The state appeals the grant of a motion by the appellees, Diaz and Rodriquez, to suppress evidence seized during the warrantless search of a van in which they were riding.
After observing the van enter and leave three successive service stations and "weave" between lanes of traffic, Officer Scott of the Glynn County, Georgia, Police Department stopped it to determine whether the driver, appellee Diaz, was under the influence of alcohol. At the officer's request Diaz produced his driver's license and the vehicle registration receipt evidencing his ownership of the vehicle. The officer asked Diaz whether he had been drinking, and Diaz responded that he had consumed one or two beers. The officer then administered a field alcosensor test to him, which, according to the officer, revealed that although he had been drinking, "[h]e wasn't D.U.I."
While waiting for radio verification of Diaz's vehicle registration documentation, the officer began to talk with the passenger, appellee Rodriquez. At this time, the officer noticed a package of cigarette rolling papers on the dashboard of the van. This prompted him to ask Diaz, "Would you mind if I take a look inside your vehicle?" Diaz responded that he would not, and the officer then placed the two appellees in the back of the patrol car, entered the van, seized the package of rolling papers, and opened it. Inside, he found a folded dollar bill which later tested positive for cocaine residue. He then radioed for the assistance of a drug investigative team on duty in the vicinity and, while awaiting their arrival, "continued the search" of the van. During the course of this search, he opened a shaving kit which was located between the two front seats and discovered inside it two bags of a green leafy substance, which proved to be marijuana.
The officer admitted that he did not request permission to "search" the van, and the record contains no indication that he explained the purpose of his investigation prior to asking Diaz for permission to "look inside" the vehicle. At the suppression hearing, Diaz testified that he had not intended to give the officer permission to "search throughout any of the items inside the van" but thought the officer only wanted to "see if there was somebody else inside the van," which was a panel-type vehicle containing no side windows. Held:
1. The state contends that, as a mere passenger, appellee Rodriquez had no legal basis upon which to challenge the legality of the search of the vehicle and the seizure of its contents. In Rakas v. Illinois, 439 U. S. 128 (99 SC 421, 58 LE2d 387) (1978), the Supreme Court held that passengers occupying an automobile could not invoke the protections of the Fourth Amendment with respect to a search of the vehicle where they "asserted neither a property nor a possessory interest in the automobile, nor an interest in the property seized." Id. 439 U. S. at 148. Accord McGhee v. State, 253 Ga. 278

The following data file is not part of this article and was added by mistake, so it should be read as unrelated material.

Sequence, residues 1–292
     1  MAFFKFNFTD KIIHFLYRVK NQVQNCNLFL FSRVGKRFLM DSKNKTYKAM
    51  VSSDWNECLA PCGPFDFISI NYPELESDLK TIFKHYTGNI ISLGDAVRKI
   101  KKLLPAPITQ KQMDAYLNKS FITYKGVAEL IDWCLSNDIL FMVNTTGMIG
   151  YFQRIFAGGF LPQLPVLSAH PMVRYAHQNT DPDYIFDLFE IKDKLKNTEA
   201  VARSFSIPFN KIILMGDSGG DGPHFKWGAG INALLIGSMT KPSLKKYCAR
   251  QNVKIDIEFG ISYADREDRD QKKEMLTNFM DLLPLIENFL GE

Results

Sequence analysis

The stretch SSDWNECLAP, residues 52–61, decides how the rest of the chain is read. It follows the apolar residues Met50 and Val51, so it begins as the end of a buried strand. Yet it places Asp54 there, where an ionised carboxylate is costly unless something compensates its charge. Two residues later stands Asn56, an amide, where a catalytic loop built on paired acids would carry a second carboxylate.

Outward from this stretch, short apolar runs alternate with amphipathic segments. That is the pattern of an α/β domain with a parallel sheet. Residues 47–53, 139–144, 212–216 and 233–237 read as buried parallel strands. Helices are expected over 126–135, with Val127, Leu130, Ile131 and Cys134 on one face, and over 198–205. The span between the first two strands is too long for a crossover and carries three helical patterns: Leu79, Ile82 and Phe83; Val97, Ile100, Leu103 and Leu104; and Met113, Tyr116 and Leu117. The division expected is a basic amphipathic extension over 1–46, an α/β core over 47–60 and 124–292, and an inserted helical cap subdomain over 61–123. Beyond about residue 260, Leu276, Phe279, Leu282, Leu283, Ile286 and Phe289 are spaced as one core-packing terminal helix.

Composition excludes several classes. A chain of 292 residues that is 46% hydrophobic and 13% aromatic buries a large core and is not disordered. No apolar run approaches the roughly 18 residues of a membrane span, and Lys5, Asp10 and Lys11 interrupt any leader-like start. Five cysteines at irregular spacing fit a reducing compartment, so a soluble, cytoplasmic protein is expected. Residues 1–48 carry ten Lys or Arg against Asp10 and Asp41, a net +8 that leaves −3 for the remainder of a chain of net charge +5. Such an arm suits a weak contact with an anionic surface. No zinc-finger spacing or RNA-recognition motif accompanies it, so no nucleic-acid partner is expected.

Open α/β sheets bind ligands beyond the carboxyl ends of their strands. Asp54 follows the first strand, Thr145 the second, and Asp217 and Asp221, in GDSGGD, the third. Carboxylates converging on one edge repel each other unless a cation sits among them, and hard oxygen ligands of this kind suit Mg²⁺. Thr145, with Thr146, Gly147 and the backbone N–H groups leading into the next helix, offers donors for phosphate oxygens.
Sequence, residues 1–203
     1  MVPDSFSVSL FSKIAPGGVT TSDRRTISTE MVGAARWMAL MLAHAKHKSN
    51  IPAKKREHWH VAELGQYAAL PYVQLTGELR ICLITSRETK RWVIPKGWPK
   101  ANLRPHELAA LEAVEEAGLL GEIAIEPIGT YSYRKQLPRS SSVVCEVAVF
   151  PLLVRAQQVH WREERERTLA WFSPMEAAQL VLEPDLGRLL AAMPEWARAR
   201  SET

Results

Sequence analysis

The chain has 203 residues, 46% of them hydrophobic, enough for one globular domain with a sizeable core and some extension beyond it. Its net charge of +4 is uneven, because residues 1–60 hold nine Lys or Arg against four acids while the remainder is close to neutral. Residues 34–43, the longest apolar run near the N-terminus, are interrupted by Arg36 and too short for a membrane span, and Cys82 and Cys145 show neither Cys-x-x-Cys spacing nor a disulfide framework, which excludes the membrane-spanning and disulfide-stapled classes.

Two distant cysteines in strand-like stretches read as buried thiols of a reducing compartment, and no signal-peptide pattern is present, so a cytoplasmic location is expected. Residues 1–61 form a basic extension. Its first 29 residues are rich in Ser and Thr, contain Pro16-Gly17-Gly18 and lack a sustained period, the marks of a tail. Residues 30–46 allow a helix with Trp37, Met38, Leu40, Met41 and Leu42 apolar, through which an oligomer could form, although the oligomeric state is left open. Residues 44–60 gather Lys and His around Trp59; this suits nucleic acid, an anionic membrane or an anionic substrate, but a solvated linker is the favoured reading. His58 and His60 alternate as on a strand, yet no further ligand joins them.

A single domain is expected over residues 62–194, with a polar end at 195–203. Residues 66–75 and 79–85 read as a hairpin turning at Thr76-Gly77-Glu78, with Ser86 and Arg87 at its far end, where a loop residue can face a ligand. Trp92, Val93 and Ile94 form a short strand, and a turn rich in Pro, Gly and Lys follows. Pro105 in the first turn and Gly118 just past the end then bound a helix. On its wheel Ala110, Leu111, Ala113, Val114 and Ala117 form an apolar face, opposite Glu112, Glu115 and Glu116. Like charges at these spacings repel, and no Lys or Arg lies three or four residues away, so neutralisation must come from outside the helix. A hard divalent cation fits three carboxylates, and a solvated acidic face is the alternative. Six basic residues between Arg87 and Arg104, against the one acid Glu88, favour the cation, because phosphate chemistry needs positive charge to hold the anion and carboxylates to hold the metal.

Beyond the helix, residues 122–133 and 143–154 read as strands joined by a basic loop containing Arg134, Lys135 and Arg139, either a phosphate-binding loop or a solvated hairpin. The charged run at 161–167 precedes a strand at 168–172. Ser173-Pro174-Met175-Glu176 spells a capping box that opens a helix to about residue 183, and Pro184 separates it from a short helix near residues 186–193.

, 279 (319 SE2d 836
) (1984); Mecale v. State, 186 Ga. App. 276 (367 SE2d 52) (1988)
. In the present case, however, the evidence revealed that appellee Rodriquez had paid appellee Diaz $200 to transport him from Tampa to New York in the van and then back to Tampa with his (Rodriquez's) family and personal belongings. While Rodriquez denied any interest in the property seized from the vehicle, he testified that clothing and bedding belonging to him were contained in the van. Under such circumstances, we conclude that Rodriquez was more than a mere passenger in the vehicle. His position was instead analogous to that of a lessee of a rented vehicle, with the result that he could legitimately claim a reasonable expectation of privacy with respect to it. Compare Mecale, supra. We therefore conclude that "the disputed search and seizure has infringed an interest . . . which the Fourth Amendment was designed to protect" ( Rakas v. Illinois, supra, 439 U. S. at 140), such that appellee Rodriquez was entitled to challenge the legality of the search.
2. The state contends that the trial court erred in concluding that Diaz had not consented to a full-scale search of the interior of the vehicle and its contents. We disagree. Where a motion to suppress is filed, the burden is, of course, on the state to prove the legality of the search and seizure. See generally State v. Slaughter, 252 Ga. 435
, 436 (315 SE2d 865
) (1984); Phillips v. State, 167 Ga. App. 260
, 261 (305 SE2d 918
) (1983); OCGA 17-5-30
. It is apparent without dispute from the officer's own testimony that he asked merely for permission to "look inside" the vehicle and gave Diaz no indication that he intended to seize and examine the contents of any items or containers therein. "This was the outer extent of investigation consented to; the scope of the consent clearly did not extend to a full-blown search of the interior and [containers found therein]. . . . We know of no case which has allowed police officers arbitrarily to expand the scope of a consent search. [Cits.]" Love v. State, 144 Ga. App. 728
, 733 (242 SE2d 278
) (1978) (overruled on other grounds in Parker v. State, 161 Ga. App. 37
, 38 (288 SE2d 852
) (1982), and McKinney v. State, 184 Ga. App. 607
, 610 (362 SE2d 65
) (1987)). We accordingly hold that the motion to suppress was properly granted. Compare Bruce v. State, 191 Ga. App. 580 (382 SE2d 367) (1989)
(where the appellant admitted having consented to the search); Williams v. State, 187 Ga. App. 409 (2) (370 SE2d 497) (1988)
(where the appellant freely and voluntarily executed a consent form authorizing the search).
Glenn Thomas, Jr., District Attorney, C. Keith Higgins, Assistant District Attorney, for appellant.